I am basking in a sense of achievement, as several long outstanding projects/issues have been successfully tackled.


I finished my Alice Starmore Marina pullover.  The new 23-row bottom band came out just right, it fits well pulling in the excess width unobtrusively, and makes the pullover the right length.  I pulled out the too-small armhole and picked up and knit it again to match the first one.  Then I darned in the ends from the bands, and neatened the ends on the seams.  Then I wet blocked.  I'm quite pleased with the result.  It fits well and looks great.  Even DH is impressed.  It was quite a long saga, conquering everything from a knitting machine that went up in smoke, to writing a new pattern, to programming the machine, and adapting the bands. But the result is a garment that I think I will be wearing for a long time.  And I've got a fair bit of Jamiesons Spindrift left over as some of the colours hardly get used at all, so perhaps I should knit some accessories.


With the help of a very informative Youtube video, I successfully replacing the siphon in our downstairs loo.  It hadn't been flushing very well for a long time, and recently it stopped altogether.  It was a long job but went smoothly apart from I put the water back in too soon for the silicone sealant to have gone off.  But now it has a good robust flush and I reckon I've saved over £100 in plumber fees. It wasn't that hard when I had someone showing me what to do.  My PC is nearby so I would play a segment, pause it and go and do that on my own loo, then come back and watch the next bit.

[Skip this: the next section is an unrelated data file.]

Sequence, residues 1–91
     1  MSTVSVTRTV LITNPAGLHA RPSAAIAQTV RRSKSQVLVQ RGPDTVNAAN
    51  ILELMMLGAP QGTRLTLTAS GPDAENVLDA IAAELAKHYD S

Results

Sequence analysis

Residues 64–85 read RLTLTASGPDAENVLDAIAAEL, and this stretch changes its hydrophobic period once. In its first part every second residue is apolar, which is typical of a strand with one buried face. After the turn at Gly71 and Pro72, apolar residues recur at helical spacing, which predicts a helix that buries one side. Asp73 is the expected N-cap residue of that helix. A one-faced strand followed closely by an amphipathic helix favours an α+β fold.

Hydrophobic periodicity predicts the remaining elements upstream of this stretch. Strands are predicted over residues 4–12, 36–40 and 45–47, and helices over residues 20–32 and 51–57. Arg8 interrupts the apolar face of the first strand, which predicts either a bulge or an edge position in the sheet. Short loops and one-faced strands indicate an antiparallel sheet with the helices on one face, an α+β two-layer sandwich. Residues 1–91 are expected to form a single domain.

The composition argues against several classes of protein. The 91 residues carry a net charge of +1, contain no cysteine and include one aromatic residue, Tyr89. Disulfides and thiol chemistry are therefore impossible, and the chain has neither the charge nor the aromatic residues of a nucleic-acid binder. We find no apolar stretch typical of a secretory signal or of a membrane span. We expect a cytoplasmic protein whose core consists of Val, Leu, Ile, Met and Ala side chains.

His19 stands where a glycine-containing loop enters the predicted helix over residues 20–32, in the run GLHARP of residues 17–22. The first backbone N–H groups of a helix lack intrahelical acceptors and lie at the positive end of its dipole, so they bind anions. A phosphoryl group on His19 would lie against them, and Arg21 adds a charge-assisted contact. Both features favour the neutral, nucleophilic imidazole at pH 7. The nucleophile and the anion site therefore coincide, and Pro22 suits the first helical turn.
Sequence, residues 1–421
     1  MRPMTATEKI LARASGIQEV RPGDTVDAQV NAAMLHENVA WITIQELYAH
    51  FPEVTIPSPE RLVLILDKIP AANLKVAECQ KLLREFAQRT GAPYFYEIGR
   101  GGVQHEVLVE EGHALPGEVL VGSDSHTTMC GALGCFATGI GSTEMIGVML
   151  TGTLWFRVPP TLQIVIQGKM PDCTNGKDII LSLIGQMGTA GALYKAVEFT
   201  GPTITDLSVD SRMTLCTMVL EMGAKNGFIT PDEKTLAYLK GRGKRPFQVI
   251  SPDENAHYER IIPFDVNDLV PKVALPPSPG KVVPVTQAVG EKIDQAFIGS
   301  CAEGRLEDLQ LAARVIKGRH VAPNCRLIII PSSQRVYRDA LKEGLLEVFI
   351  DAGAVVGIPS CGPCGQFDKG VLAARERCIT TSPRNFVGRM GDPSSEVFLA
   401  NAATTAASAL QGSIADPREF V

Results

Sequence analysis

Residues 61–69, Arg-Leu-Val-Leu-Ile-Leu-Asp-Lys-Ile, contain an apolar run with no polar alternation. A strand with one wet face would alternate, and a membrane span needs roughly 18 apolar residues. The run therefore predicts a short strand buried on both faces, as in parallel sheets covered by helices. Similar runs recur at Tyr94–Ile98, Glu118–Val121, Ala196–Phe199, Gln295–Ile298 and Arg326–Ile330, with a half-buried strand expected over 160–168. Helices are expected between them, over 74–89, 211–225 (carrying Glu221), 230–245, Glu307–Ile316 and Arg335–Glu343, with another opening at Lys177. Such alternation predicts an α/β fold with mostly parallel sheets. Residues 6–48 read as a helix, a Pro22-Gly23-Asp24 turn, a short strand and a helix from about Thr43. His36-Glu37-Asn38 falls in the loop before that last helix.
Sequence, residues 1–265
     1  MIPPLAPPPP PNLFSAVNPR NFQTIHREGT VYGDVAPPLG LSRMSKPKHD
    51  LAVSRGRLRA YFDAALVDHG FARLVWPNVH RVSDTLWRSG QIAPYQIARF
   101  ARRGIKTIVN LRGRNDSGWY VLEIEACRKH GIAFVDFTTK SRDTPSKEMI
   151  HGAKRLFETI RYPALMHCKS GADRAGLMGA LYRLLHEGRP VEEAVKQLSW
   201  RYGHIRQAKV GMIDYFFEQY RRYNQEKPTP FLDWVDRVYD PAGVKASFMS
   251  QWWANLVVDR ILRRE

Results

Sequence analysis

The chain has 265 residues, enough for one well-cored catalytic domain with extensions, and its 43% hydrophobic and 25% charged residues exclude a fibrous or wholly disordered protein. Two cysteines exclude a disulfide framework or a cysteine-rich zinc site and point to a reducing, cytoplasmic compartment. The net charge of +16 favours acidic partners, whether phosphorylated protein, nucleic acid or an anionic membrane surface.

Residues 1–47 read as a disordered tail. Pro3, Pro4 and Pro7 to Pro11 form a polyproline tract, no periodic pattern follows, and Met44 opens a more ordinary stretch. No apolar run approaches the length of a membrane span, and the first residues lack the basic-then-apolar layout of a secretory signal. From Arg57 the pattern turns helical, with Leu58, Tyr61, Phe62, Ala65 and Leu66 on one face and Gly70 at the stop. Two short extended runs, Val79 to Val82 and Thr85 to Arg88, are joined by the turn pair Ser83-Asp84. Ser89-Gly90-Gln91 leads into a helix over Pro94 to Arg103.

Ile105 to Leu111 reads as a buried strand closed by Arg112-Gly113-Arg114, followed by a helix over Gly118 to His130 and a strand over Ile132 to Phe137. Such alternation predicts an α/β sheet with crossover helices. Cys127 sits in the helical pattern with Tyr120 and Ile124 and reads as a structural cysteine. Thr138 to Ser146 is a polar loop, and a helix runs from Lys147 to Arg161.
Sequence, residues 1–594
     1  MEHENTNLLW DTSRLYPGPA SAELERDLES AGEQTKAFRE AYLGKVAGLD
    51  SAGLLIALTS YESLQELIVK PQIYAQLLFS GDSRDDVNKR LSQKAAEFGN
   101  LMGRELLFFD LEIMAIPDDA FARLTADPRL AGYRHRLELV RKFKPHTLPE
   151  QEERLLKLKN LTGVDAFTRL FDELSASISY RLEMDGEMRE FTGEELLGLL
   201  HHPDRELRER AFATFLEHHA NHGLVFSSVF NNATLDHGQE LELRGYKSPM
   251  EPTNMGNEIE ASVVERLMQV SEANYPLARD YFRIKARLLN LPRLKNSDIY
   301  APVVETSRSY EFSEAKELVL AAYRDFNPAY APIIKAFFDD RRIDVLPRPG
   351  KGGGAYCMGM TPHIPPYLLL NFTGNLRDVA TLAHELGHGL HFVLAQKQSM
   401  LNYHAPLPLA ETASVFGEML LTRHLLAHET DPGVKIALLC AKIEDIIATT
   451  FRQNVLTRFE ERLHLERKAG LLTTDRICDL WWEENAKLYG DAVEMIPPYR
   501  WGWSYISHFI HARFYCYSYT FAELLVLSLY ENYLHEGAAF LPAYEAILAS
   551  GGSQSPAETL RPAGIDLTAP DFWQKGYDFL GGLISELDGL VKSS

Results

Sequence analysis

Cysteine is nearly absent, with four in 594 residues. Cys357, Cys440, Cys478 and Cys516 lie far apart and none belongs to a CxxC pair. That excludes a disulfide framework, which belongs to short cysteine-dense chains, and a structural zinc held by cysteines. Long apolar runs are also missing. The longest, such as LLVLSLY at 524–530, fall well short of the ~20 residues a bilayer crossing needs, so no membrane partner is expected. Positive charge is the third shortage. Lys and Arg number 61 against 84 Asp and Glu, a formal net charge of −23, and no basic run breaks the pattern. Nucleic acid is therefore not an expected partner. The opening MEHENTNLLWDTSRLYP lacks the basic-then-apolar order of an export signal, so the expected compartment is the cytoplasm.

And today I finally installed the last blind in the conservatory.  I put up side blinds about eight years ago but mis-cut the final blind so couldn't install it.  We eventually bought a replacement blind, but I never got around to putting it up.  So it was one of those jobs on my long guilt list and now it is finally done!

This weekend we have to empty out half the house to make room for the carpet fitters coming on Monday. Then Monday night we have to move everything back into the newly carpeted rooms so he can do the rest of the house on Tuesday.  Then Tuesday night we have to clear everything off the patio and front so that the jet washing people can spray all of the paving on Wednesday.  I expect I will spend Thursday and Friday just putting everything back to rights.